The COVID-19 pandemic is associated with heavy medical, economic, and social costs. A few factors were associated with decreased or increased risks of SARS-CoV-2 infection, including smoking [49] and gender (male) [50]. Genetic factors were also found to be associated with COVID-19 disease severity [51], including a genomic segment of around 50 kilobases in size that is inherited from Neanderthals [52]. Similarly, a meta-analysis of GWAS studies of patients from Spain and Italy with severe COVID-19, which was defined as a hospitalization with respiratory failure, detected three significant loci with odd ratios of 1.32–1.77 per locus [33]. Given the important role of HLA in several viral infections, the above study analyzed the extended HLA region (chromosome 6, 25 through 34 Mb) but did not find significant SNP association signals at the HLA complex. Another GWAS study analyzing 2244 critically ill COVID-19 patients in the UK detected potential associations between variants in chromosome 6 and COVID-19 [34].

Our study, performed on a large-scale dataset, did not detect any specific HLA subgroups associated with increased or decreased risk for SARS-CoV-2 infection, or a severe disease course causing hospitalization. We also did not detect any associations of heterozygote advantage with COVID-19 when we analyzed the entire study population or when analyzing a sub-population. Despite clear successes in identifying novel disease susceptibility genes, GWAS approaches have not been without controversy [53]. A major limitation of this approach is the need to adopt a high level of significance to account for the multiple tests burden due to the very large number of loci compared concurrently. As such, it can miss important associations. In contrast with GWAS studies, we incorporated HLA alleles with a prevalence of >1% in the Israeli population. This approach enabled a large-scale analysis not of a few HLA subtypes but of 66 variants, and still no association was found in the HLA region

Two main caveats should be considered. First, the imputation of HLA alleles may induce errors. However, the precision of the imputation was previously established [54]. Moreover, no association was found with the A alleles that were typed in the vast majority of subjects. Finally, the analysis was performed at the two-digit level, which is practically unaffected by imputation. Another possible limitation is the age distribution. Our study included only a small proportion of hospitalized cases 181/6413 (2.6%). This may be related to the average young age of individuals for whom we have HLA data. However, this should not affect the results related to SARS-CoV-2 infection. While hospitalization alone may not be an indicator of disease severity, we expect a significant enrichment of severe cases in hospitalized patients.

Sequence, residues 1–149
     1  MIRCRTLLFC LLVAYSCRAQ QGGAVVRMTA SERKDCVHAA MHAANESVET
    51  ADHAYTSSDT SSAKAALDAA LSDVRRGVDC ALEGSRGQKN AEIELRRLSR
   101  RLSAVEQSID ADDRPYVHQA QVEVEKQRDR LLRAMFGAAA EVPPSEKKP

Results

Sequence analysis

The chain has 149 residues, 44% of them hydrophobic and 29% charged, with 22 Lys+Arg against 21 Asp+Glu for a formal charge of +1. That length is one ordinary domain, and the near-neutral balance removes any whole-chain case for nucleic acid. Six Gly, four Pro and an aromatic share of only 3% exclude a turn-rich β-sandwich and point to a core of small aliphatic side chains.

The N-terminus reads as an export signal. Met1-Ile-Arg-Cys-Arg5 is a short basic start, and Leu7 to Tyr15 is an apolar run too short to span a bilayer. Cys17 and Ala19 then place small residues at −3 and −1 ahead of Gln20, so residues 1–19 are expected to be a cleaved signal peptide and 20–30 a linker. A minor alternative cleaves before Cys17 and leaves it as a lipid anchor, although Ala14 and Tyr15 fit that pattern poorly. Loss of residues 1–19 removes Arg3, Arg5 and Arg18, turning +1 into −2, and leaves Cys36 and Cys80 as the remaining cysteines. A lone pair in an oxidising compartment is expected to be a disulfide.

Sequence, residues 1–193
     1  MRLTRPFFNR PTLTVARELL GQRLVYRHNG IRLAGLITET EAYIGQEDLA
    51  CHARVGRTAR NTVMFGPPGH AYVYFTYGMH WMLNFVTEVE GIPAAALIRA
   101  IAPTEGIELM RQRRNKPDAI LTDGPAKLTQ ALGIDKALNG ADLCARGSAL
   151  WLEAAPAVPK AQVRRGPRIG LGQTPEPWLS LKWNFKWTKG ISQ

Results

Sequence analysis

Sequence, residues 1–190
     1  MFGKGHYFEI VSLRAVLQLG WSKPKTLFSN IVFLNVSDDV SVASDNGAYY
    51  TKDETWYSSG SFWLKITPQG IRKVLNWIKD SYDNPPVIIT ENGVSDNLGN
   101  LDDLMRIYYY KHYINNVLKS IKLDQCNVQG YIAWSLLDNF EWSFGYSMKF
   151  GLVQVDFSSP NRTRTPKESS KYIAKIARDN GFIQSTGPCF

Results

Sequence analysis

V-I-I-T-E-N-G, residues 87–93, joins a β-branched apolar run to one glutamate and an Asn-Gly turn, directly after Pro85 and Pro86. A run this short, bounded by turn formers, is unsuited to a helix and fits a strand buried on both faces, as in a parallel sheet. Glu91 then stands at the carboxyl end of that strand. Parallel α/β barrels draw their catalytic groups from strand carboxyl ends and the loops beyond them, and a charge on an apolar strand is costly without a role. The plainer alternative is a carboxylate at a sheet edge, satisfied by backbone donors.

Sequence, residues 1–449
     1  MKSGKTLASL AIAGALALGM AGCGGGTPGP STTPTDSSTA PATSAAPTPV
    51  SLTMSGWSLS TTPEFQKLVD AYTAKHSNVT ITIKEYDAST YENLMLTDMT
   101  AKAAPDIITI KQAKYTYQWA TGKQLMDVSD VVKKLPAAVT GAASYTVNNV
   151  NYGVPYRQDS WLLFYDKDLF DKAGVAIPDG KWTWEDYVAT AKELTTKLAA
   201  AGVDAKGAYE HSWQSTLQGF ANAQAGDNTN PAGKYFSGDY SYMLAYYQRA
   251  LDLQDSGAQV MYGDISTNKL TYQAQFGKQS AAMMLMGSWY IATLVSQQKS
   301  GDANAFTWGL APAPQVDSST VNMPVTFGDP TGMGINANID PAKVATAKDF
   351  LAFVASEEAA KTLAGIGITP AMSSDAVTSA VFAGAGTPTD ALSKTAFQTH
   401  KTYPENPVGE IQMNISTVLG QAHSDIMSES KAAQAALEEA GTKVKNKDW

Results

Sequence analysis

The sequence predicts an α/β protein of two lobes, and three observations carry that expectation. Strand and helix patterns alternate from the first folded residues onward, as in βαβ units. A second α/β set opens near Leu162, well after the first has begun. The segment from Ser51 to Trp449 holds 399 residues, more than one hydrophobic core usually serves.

The lack of HLA association reported here and in previous smaller studies, and the absence of advantage for heterozygote may suggest that heterozygote advantage in HLA may be more limited in general than often considered. This is in agreement with more recent claims that other mechanisms beyond heterozygote advantage or pathogen-driven balancing selection may be the source of the large HLA polymorphism [2, 20].

We did not detect an HLA association with the initial phases of infection and hospitalization. As in other diseases, the initial response to the disease in the first few days is mainly mediated by the innate immune response, limiting the involvement of HLA and T cells. HLA may still be involved in the later phases of the disease progression, such as long-term sequels, or complications following hospitalization. A long-term follow-up will be needed to test for those.